Megan Beck, Ph.D.
For significant technical contributions to microprocessor manufacturing technology; for creative thinking that sparks innovative solutions; and for dedication to empowering women in engineering and technology through SWE.
Originally from Saint Maries in rural Idaho, Megan Beck, Ph.D., is an integration engineer at Intel Corporation. Dr. Beck joined Intel in 2020 and now leads interdisciplinary teams to develop technical strategies for the fabrication of transistors for the next generation of microprocessor chips.
Within her first year, she led a team to implement a modified-growth process for the p-channel metal-oxide semiconductor (PMOS) transistor, resulting in a significant drive current gain. This improvement enabled Intel 4 to meet its year-end performance goal and was recognized with an Intel Logic Technology Development Divisional Recognition Award.
Next, Dr. Beck developed an integrated deposition-etch-deposition solution to eliminate the process window constraint between two yield failure modes. This fundamental fix resulted in a tenfold improvement in yield, helping Intel 4 meet its quarterly yield target. She received a second Divisional Recognition Award for her contributions, and use of the process allowed the company to file for a U.S. patent.
Recently, Dr. Beck and her team have focused on performance variation reduction and have defined ways to address the five most crucial processing issues to reduce variation to less than 5% across the wafer. In recognition of all her technical contributions, she received an unprecedented midyear promotion.
Prior to joining Intel, Dr. Beck completed a Ph.D. in materials science and engineering at Northwestern University. For her graduate work, she designed a method for self-aligned encapsulation of metal electrodes using half the number of lithography steps, which allowed her to study intrinsic electrical properties and demonstrate novel functionalities of transistors and diodes from atomically thin materials. Dr. Beck demonstrated unprecedented tunability of Gaussian-like electronic responses from dual-gated, semi-vertical diodes, and was able to mimic a biological spiking neuron using an order of magnitude fewer components. From her graduate work, Dr. Beck has co-authored numerous publications in high-impact-factor journals, holds one U.S. patent, and has applied for two more.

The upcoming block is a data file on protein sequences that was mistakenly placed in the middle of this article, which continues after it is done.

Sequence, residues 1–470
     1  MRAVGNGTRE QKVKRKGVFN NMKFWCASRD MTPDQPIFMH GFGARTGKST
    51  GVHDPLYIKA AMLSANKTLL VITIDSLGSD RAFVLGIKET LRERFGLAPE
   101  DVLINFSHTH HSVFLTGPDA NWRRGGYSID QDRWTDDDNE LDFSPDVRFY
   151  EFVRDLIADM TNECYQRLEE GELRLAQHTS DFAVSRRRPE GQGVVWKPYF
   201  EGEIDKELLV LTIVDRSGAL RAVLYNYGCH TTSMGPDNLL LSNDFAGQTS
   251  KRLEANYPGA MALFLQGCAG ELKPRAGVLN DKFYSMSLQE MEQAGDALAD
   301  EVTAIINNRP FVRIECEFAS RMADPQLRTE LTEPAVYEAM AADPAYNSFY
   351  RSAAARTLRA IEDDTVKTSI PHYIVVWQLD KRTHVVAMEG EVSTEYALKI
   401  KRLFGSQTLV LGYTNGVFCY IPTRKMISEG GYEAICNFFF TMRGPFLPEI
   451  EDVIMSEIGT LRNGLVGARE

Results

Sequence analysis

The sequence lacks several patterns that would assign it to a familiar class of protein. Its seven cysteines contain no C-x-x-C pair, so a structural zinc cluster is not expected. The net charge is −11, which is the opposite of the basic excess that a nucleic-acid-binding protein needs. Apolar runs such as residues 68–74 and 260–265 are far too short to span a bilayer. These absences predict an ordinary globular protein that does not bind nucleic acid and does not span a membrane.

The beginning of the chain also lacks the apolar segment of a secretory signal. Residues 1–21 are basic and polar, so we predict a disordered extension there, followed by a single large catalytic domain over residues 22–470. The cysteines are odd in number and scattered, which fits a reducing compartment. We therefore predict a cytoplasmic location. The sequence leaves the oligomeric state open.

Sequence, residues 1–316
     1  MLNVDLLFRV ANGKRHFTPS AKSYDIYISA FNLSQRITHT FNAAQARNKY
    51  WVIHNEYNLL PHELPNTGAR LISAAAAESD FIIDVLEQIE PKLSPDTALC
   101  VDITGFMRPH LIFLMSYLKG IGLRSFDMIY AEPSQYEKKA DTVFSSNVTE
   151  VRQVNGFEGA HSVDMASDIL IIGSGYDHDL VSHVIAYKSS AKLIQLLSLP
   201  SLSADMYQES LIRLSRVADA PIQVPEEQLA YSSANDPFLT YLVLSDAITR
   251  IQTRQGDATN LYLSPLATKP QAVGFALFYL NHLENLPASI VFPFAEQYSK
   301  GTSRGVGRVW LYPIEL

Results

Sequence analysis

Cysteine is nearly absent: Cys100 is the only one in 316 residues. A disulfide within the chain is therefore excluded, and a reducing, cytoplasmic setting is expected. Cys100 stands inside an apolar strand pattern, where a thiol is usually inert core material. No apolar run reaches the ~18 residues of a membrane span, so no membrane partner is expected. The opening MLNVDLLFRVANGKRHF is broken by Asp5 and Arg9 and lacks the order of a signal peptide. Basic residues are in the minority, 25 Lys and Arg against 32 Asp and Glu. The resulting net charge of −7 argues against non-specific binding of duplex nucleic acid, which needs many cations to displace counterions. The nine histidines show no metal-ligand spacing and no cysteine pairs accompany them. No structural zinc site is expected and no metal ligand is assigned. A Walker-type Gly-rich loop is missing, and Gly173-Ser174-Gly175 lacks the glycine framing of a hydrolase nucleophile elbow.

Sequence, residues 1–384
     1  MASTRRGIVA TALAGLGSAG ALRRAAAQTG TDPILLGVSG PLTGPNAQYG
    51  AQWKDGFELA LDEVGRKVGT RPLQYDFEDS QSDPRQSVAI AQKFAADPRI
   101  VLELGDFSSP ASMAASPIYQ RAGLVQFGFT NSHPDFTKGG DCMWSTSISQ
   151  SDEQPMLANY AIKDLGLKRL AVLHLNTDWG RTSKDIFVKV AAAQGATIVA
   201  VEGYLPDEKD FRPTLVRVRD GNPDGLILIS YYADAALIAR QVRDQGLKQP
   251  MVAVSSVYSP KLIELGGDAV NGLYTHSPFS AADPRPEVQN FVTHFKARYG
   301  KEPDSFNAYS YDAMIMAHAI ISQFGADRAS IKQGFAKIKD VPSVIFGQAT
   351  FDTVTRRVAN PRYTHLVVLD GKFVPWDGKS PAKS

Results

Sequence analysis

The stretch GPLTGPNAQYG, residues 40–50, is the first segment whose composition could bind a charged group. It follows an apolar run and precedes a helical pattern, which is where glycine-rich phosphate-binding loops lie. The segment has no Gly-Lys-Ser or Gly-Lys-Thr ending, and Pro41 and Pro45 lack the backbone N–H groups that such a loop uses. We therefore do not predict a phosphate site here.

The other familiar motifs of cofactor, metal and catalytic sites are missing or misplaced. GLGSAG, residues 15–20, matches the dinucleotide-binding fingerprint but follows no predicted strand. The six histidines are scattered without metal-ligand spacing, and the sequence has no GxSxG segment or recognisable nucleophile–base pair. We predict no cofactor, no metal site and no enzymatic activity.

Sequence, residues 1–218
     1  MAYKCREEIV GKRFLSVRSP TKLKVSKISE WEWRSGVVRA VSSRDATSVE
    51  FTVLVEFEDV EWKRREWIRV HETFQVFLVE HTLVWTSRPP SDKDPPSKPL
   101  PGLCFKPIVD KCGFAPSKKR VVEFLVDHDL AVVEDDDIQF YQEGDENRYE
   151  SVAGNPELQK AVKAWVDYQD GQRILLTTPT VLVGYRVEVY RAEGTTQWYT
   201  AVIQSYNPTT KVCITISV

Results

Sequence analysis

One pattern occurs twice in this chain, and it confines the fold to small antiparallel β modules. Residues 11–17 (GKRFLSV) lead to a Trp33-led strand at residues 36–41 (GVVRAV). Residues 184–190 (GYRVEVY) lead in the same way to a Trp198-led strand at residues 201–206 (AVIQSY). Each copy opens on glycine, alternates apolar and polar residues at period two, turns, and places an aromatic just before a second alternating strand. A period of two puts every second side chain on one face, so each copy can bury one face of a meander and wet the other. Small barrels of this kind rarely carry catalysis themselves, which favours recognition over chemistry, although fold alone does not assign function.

She was awarded a National Science Foundation Graduate Research Fellowship and a National Defense Science and Engineering Graduate Fellowship in 2015 and received the Gold Graduate Student Award at the 2018 Materials Research Society meeting. While at Northwestern, Dr. Beck also organized multiple K-12 STEM outreach activities and co-founded the Materials Science Alliance for Inclusive Community.
Dr. Beck has been active in the Society of Women Engineers since graduate school, where she established Northwestern’s GradSWE group in 2016. She also served as graduate programming coordinator for WE18, served on the collegiate engagement taskforce in FY20, and served on the bylaws committee in FY21. Dr. Beck received the Outstanding Collegiate Member award at WE19. She is serving as a SWE senator (FY22-FY24), and she has contributed to the FY23-FY27 SWE strategic plan. She also serves on the Future Leadership Experience sub-team.
Outside of work, Dr. Beck is active in her church community and enjoys exploring the beautiful Northwest with her spouse. She also enjoys spending time with family, doing puzzles, and knitting and crocheting.